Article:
Archive for the ‘Language and food’ Category

Fantasy food

November 5, 2020

For some time now, a suite of afflictions (I omit the very unpleasant details) has prevented me from handling any truly solid food. A couple days ago I prepared a standard comfort sickroom food, plain white rice. My first solid food in a long time. And it was good. I still have no taste for anything more complicated. So I look forward to Thanksgiving (just a few weeks from now), and my now-standard Thanksgiving meal — see below — and it just seems unimaginable to me now, like fantasy food, though I have dreams about it.


Halloween still lifes

October 30, 2020

A pair of still lifes — digital compositions — by Stephanie Shih for Halloween, with the customary flowers in vases, prominently supplemented by Halloween candy: a large lollipop on the left, a candy stick on the right:

(#1) Stephanie: “ode to childhood memories of Halloween candy”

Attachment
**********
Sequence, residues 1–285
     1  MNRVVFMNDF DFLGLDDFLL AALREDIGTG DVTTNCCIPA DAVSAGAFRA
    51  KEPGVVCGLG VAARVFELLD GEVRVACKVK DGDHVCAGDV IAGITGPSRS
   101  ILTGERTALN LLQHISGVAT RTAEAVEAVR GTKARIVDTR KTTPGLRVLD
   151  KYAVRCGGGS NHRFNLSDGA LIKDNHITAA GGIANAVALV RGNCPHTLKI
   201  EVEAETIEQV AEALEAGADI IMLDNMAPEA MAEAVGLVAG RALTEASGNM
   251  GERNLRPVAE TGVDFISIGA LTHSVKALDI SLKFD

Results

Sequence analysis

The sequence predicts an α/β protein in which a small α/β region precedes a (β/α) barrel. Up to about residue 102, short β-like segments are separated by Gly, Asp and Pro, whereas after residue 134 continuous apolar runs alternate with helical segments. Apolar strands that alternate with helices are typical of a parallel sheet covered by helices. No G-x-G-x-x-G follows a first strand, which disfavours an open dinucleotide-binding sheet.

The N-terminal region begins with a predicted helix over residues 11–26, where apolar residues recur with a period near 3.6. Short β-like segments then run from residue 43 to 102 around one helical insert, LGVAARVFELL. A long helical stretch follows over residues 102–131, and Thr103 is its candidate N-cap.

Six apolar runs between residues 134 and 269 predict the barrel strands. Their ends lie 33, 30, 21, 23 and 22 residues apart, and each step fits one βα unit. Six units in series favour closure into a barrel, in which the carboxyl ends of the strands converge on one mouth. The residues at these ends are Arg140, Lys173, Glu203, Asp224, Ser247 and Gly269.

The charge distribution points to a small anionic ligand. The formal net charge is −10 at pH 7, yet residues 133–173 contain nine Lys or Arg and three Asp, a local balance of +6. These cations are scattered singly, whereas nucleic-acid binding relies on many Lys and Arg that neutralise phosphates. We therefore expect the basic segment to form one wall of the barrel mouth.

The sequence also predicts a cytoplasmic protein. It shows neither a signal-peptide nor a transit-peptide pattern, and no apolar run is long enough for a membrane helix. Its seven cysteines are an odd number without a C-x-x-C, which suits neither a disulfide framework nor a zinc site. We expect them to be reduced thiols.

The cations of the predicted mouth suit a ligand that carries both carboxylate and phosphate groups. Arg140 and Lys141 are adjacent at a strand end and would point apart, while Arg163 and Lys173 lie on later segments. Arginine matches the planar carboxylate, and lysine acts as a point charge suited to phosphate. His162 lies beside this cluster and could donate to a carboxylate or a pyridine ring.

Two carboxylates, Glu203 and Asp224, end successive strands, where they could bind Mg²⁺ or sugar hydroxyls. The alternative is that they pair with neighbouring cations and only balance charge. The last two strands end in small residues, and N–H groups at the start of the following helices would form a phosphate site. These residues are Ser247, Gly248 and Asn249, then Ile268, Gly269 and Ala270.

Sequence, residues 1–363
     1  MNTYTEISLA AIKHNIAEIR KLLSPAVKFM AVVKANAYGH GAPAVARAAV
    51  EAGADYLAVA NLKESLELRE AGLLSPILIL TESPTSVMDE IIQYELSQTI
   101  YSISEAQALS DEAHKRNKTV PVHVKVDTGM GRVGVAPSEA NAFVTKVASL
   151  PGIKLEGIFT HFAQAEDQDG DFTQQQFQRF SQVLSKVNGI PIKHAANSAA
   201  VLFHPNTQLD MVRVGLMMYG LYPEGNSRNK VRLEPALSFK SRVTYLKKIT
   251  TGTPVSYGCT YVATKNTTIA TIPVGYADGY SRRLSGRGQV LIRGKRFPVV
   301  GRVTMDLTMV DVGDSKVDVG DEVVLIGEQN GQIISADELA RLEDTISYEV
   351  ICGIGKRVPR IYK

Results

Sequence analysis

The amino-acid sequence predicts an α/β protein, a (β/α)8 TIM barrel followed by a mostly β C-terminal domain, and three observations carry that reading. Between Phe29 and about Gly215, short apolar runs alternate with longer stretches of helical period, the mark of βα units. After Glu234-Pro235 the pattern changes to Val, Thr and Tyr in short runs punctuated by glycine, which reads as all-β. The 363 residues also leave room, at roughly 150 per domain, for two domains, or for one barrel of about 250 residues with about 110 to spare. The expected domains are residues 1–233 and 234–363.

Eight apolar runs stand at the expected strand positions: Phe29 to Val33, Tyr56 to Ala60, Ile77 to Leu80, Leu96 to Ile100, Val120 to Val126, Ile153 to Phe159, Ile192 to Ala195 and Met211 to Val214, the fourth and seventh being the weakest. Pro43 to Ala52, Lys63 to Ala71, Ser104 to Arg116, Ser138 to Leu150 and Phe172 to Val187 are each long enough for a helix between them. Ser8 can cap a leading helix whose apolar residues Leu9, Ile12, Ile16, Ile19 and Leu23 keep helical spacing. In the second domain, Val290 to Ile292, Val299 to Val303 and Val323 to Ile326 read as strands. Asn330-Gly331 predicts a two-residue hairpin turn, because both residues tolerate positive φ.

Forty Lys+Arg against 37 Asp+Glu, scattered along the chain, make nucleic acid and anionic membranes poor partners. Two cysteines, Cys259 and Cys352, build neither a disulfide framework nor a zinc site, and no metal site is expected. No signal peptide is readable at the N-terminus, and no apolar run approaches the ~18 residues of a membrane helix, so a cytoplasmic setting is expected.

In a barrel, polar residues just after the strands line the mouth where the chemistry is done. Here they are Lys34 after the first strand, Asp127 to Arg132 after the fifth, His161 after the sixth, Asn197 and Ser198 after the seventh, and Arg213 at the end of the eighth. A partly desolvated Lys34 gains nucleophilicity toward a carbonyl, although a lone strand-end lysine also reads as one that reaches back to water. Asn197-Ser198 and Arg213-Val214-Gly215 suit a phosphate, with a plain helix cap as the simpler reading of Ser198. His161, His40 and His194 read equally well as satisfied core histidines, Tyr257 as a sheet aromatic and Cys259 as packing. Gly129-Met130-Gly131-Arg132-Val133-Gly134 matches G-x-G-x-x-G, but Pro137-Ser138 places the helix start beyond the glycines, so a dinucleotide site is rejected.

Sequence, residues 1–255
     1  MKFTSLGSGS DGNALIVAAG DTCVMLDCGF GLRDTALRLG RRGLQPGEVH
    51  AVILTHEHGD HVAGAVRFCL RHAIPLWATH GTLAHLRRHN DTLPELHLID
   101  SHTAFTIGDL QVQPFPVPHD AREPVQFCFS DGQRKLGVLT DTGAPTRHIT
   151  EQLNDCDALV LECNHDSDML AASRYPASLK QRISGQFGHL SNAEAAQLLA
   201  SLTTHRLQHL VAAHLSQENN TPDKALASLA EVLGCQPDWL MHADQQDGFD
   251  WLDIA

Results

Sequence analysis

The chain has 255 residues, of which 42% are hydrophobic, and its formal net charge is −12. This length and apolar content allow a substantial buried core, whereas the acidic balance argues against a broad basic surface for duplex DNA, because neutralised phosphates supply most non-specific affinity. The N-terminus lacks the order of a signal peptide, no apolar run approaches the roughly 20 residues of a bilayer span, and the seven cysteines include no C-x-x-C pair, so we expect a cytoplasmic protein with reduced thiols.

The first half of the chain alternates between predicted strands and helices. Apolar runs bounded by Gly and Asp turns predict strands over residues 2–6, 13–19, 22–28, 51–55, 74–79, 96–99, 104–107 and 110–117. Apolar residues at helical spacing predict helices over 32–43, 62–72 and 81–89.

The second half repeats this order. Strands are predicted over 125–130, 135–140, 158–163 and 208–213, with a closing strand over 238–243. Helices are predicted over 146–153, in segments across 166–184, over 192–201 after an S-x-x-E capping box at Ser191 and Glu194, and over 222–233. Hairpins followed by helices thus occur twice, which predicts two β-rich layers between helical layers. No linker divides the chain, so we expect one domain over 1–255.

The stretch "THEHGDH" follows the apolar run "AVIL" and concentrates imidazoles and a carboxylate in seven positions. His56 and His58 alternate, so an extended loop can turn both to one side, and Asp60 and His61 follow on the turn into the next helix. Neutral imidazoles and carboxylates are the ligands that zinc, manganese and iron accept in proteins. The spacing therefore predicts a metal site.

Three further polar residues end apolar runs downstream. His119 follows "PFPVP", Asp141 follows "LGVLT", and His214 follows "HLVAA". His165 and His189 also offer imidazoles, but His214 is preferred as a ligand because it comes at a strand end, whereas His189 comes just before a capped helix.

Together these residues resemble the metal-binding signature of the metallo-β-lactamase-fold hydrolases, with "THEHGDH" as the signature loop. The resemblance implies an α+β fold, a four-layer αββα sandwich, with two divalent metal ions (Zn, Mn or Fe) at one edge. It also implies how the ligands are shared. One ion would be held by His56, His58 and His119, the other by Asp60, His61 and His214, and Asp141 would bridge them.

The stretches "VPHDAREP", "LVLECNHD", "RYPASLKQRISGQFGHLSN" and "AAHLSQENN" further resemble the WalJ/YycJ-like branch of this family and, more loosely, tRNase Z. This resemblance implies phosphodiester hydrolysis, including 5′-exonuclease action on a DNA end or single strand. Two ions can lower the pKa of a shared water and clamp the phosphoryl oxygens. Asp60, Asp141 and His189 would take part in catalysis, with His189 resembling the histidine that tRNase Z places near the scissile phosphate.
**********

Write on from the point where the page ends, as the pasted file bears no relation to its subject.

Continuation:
(You might want to enlarge the images to examine the details.)


Three comforting presents

October 21, 2020

In very difficult times — my list of physical afflictions has expanded considerably (you don’t really want to hear the details), leaving me little time in the day to write postings on my blog — friends and family have given me presents to comfort me. Three recently (with an advance notice of a fourth to come in the mail in a surprise package).


Another Shih still life

October 17, 2020

On Facebook on the 12th, another of Stephanie Shih’s still lifes:


Artichoke flowers at the top, lots of oval imagery at the bottom.



October 15, 2020

Today’s morning name, surely triggered in my mind by a line from the song “Ya Got Trouble” from the musical The Music Man (about kids in pool halls): “They’re … tryin’ out cubebs” (referring to cubeb cigarettes).

Brief background, from NOAD:

noun cubeb: [a] a tropical shrub of the pepper family, which bears pungent berries. Genus Piper, family Piperaceae: several species, including the Asian P. cubeba [b] the dried unripe berries of the cubeb, used medicinally and to flavor cigarettes. [also, not given by NOAD: [c] a cubeb cigarette] ORIGIN Middle English: from Old French cubebe, from Spanish Arabic kubēba, from Arabic kubāba.